A day before the judges started throwing lightning bolts, a gaggle of business people assembled by Gov. Rick Perry started a cram course on state tax policy.
They'll spend the next few months trying to reengineer the state's taxes, with at least two things in mind. One, make business taxes fairer and bring the tax system in line with the modern state economy. And two, raise enough money to lower property taxes, making property owners happy while bringing in enough money pay for those cuts and to keep the public school finance system out of court for a while.
The first steps are familiar to anyone who watched George W. Bush try to revise the tax system, or Ann Richards, or Bill Clements. The state averages a blue ribbon committee on taxes every five or six years. Bush's effort went through a legislative committee; the earlier forensic teams were made up of business people and legislators. Each of those efforts helped officeholders work their way out of some budget jams; none found a long-term solution that fits the modern Texas economy.
Like their predecessors, Perry's task force started with the rundown on the current tax system and what works and doesn't, along with a quick history of the school finance train wreck that lumbered through the last several gatherings of the Texas Legislature. Lots of it is available in the files section of our website. Economist Ray Perryman, and Karey Barton and James LeBas, the tax and revenue wizards on the task force staff, zipped through Texas Taxes 101. Some tidbits:
• Conventional wisdom is that one in six businesses in Texas pays the state's corporate franchise tax, but that's actually the number that file returns. Only one in 16 actually pays the tax.
• Local and state taxes brought in $65.2 billion in the 2005 fiscal year. The breakdown: property taxes, 30.9 billion (including $16.7 billion for public schools); state sales tax, $16.3 billion; local sales tax, $4.5 billion; motor fuel, $2.9 billion; vehicle sales and rental taxes, $2.8 billion; oil & gas production taxes, $2.3 billion; corporate franchise tax, $2.2 billion. No other single tax produces more than $1.2 billion.
Perry started the meeting, telling the group he wants any new tax to have five attributes: It has to be fair, broad-based, modern to match the state's economy, understandable, and competitive against other state systems. Later on, one of the panel members got a laugh by asking the tax wizards in the room whether any such thing exists.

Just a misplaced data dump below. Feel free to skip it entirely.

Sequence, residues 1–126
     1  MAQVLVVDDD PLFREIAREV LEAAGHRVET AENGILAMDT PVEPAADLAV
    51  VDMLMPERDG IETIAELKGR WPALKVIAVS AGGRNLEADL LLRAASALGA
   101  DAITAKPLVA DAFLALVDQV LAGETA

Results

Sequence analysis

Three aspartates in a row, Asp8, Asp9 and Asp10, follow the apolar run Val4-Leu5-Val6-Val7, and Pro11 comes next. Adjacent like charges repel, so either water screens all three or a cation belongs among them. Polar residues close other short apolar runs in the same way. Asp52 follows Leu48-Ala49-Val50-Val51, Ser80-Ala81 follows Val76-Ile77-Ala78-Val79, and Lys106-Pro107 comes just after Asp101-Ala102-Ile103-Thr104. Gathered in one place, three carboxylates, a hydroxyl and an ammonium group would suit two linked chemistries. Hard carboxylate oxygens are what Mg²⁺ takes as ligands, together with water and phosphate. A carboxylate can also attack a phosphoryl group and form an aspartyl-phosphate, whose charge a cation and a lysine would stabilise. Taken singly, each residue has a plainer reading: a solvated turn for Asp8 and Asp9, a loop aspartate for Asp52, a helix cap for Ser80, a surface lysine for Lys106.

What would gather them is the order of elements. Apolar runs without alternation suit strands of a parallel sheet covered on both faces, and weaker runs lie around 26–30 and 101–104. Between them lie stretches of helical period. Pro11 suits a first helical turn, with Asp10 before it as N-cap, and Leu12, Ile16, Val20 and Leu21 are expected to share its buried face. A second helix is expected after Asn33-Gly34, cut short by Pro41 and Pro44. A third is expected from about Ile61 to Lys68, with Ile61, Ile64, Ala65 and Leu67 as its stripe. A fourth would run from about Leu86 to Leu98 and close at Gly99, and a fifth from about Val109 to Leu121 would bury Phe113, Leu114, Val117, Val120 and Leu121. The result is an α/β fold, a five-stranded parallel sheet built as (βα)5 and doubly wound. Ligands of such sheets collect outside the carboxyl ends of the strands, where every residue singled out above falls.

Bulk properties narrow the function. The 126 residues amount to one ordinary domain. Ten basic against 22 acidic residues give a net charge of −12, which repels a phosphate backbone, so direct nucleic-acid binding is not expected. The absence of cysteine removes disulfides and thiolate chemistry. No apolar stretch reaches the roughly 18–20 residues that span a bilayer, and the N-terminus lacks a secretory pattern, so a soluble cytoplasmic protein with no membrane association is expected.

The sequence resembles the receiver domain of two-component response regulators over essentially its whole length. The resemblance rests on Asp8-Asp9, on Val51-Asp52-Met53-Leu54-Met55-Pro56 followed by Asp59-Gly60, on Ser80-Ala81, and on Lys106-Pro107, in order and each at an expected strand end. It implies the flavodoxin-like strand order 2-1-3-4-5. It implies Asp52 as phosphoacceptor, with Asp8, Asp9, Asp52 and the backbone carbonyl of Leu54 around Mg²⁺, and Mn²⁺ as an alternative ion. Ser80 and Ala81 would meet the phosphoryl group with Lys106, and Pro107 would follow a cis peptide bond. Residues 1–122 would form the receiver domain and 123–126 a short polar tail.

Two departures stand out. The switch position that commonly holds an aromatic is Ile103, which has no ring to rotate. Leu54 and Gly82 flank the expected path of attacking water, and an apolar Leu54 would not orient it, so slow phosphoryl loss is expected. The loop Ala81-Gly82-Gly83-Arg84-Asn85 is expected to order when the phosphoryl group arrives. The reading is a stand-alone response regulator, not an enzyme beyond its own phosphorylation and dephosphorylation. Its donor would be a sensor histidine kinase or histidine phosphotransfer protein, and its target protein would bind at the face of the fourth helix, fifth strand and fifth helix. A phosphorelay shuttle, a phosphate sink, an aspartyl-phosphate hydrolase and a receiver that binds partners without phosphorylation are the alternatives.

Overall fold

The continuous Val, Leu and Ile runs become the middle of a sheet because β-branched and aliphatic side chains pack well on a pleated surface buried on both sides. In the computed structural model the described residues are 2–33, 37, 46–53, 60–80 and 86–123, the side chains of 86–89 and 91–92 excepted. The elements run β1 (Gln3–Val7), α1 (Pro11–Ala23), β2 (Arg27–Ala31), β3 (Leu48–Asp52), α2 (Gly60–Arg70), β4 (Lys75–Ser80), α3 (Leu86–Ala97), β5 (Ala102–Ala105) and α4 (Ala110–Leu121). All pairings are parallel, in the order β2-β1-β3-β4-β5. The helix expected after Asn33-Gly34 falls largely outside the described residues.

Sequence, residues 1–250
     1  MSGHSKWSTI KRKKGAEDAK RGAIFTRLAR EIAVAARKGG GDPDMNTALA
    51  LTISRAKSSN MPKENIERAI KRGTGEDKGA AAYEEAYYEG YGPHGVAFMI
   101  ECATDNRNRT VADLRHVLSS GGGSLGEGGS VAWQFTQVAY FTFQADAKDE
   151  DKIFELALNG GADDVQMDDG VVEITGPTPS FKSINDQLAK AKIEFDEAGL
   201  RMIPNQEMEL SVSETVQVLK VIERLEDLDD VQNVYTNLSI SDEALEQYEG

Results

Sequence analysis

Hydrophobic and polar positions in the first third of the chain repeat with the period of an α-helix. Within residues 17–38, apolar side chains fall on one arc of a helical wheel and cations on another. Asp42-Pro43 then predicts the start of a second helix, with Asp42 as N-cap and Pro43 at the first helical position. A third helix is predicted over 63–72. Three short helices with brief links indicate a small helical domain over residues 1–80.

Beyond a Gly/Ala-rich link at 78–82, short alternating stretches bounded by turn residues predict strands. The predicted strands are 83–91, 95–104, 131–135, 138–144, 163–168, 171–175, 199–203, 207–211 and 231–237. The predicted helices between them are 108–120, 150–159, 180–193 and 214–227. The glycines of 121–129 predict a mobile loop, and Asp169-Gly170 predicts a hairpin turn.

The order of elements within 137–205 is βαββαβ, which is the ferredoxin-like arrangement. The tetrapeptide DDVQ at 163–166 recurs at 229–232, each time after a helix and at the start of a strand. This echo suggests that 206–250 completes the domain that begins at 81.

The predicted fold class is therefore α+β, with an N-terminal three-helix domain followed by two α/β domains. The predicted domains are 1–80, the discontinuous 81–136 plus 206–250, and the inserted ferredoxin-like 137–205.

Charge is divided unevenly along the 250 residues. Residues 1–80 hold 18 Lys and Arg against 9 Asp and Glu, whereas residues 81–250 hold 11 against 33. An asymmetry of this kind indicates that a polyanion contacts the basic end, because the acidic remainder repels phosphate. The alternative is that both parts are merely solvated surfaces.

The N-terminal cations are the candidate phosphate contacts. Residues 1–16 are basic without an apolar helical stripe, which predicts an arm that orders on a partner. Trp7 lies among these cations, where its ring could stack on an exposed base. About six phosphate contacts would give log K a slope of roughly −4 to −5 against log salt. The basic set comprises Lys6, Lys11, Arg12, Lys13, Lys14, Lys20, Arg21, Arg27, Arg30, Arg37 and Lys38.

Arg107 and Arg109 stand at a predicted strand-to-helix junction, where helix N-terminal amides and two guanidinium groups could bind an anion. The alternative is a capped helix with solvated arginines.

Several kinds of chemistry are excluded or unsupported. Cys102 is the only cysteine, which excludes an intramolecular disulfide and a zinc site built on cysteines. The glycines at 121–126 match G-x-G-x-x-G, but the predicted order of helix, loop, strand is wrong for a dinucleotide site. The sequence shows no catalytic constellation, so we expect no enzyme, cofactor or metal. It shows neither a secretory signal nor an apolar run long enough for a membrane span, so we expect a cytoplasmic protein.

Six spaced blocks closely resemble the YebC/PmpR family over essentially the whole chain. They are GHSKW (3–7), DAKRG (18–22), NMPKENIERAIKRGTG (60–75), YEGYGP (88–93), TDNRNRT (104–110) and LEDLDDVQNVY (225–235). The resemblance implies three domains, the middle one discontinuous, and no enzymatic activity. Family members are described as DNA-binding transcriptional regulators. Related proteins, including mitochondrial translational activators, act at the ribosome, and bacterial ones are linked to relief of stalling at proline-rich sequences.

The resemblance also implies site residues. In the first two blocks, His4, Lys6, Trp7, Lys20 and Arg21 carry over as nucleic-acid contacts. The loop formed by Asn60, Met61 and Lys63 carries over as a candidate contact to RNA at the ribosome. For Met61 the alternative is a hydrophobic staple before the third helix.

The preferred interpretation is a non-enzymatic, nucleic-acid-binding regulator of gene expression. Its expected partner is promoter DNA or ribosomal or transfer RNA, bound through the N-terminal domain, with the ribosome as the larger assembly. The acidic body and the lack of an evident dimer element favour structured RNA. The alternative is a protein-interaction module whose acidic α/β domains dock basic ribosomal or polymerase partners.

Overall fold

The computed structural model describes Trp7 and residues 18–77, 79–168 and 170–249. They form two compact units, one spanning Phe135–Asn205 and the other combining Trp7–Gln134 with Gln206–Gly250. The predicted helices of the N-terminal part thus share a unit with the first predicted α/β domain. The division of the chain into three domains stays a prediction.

They pressed the policy folks on whether it's possible to bring partnerships and proprietorships into the business tax without triggering state constitutional provisions against personal income taxes (those taxes are legal in Texas, but only after a public referendum and only if the funds are dedicated to education).
John Sharp, the former comptroller who's chairing the thing, reminded everyone about Perry's stand against income taxes, and reiterated his view that nothing would happen without a ruling from the Texas Supreme Court forcing the Legislature to act (He got that the next day). This turns into a road show next month. Sharp told the group there will be public hearings before year's end in Corpus Christi, Temple, Waco, and Victoria.
Murdock's Crystal Ball
The committee got a look at the state's immediate demographic future from Steve Murdock, an academic at UT San Antonio who's also the state's official demographer. His stuff (which you can find online at www.txsdc.utsa.edu/presentations by clicking the links next to "Governor's Select Tax Committee"), is full of numbers and charts and could even make your head hurt, but it's interesting both in terms of economic policy and in terms of school finance. It's the kind of stuff you get from doctors who are telling you to watch your health now so you won't be a miserable 70-year-old, or the financial advisers who tell you to save a little bit here and a little there when you're young, so you won't be a miserable 70-year-old.
Murdock's work was obviously an influence on the judge who initially declared the state's current school finance system unconstitutional, and he reprised some of that for the tax panel, sliding from population growth and makeup to educational achievement to future household incomes if things change and if they don't. To wit:
• Numerically, Texas is second only to California in growth and should continue to be.
• While that's going on, 103 of the state's 254 counties are losing population.
• Anglos, a group that already makes up less than half the population in Texas, are also making up a smaller part of the state's growth. From 1990 to 2000, Texas added 2.3 million Hispanics, 783,036 Anglos, 445,293 Blacks, and 307,000 "Other", a group that includes Asians and Native Americans. In percentage terms, that last group grew by 81 percent in that decade; the Hispanic population grew 53.7 percent, Blacks were up 22.5 percent, and the Anglo numbers grew 7.6 percent.
• Hispanics will outnumber Anglos in Texas by 2020, by one estimate, and will make up more than half the state's population ten years later.
• A freeze-frame in 2000 of Texans at least 25 years old showed almost 50 percent of Asians had at least one college degree; more than 50 percent of Hispanic adults in the state had stopped short of a high school diploma.